In the face of such provocation, the Kings kept their discipline. No shots were fired. They just stood and took it for about three days, being forced at one stage into an old sugar warehouse with a baying mob throwing petrol bombs and beating on the corrugated tin doors, confident they had no fear of being shot. At that stage, it got so hairy that I actually put down my cameras and took up a baton, for we feared the mob would break into the warehouse and that a full baton bashing session was imminent.

More troops were poured into the Shankill and over the next four days, the army finally regained control. We, besieged in the Snugville Street warehouse, were relieved by soldiers from 40 Commando who came marching through the terraced streets beating time on their riot shields and firing the occasional teargas grenade. It was a wonderful stirring sight. I was given an escort of about half a company of commandos and marched back to the control lines for most of my photographs would have been needed both for intelligence purposes and for assisting in the prosecution of individual rioters. The poor bloody infantry stayed on the streets for another three or four days calming things down and restoring order.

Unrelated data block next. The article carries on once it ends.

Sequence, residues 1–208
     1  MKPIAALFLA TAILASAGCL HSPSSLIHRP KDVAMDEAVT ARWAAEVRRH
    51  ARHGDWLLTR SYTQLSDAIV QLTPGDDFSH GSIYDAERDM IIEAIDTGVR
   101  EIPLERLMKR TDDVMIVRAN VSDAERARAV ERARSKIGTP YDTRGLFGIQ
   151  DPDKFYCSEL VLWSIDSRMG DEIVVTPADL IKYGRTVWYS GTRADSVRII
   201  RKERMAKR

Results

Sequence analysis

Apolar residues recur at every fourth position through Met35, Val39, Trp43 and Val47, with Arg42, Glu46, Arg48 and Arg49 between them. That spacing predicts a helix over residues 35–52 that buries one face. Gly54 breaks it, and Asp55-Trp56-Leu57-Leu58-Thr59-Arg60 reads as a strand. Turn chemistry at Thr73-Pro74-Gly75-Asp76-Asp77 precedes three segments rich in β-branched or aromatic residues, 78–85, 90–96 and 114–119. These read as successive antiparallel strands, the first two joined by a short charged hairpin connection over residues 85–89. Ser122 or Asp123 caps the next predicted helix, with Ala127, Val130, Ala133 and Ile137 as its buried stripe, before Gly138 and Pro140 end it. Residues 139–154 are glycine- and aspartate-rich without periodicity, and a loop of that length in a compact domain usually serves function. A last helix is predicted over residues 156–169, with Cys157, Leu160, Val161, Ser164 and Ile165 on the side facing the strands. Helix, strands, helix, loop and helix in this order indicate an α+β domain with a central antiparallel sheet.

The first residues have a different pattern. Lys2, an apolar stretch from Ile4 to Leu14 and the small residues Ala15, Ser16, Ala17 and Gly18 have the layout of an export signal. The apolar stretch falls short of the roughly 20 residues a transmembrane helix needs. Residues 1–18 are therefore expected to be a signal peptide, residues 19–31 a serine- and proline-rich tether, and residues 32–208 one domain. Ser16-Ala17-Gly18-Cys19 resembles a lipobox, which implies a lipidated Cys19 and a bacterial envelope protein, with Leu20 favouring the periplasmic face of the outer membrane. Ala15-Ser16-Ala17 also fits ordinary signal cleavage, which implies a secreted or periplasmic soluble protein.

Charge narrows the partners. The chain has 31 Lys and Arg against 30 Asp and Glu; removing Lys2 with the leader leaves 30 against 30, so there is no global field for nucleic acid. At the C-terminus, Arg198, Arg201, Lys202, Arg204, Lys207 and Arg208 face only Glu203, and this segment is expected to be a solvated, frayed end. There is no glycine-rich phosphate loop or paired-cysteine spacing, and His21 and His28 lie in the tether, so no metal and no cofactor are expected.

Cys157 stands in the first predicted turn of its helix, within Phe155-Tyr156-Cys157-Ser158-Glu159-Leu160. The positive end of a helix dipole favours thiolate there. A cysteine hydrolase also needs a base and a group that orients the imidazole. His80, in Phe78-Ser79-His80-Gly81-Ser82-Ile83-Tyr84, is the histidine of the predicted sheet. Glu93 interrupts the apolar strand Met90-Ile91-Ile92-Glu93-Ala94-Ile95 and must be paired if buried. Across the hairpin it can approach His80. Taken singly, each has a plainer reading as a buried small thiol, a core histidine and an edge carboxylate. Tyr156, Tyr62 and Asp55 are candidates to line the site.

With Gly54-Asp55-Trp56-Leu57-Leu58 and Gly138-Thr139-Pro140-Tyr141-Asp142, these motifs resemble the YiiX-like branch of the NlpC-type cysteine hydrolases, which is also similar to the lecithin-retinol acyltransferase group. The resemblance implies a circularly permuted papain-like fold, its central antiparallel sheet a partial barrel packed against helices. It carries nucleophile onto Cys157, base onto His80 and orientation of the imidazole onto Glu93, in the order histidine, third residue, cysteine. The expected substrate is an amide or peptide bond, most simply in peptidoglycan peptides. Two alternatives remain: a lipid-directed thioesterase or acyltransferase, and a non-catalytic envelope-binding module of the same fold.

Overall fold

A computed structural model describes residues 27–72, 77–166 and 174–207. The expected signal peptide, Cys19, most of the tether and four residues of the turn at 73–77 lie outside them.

They take their football rather seriously on the Shankill!

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6 thoughts on “A Riotous time in Belfast – 1970 (clic on the photographs to enlarge the image)

  1. “It’s ground, Windsor Park, perhaps gives a clue that it is a fiercely loyalist club.”. You do, presumably, not realise that the name of the ground has nothing to do with the Royal Family but the name of the area where it was located? Linfield moved to Windsor Park in 1905. The Royal Family didnt change its name to Windsor until 1917.

  2. Hello John, I stumbled on your site by accident, and then was surprised to read your stories on being an Army photographer (as I was). I did a bit of checking and found you on a course picture , standing beside an old colleague of mine, Paul Cooper. I thought you might not be aware of this Facebook group for the AFPA, so here’s a link. https://www.facebook.com/groups/989277714469996/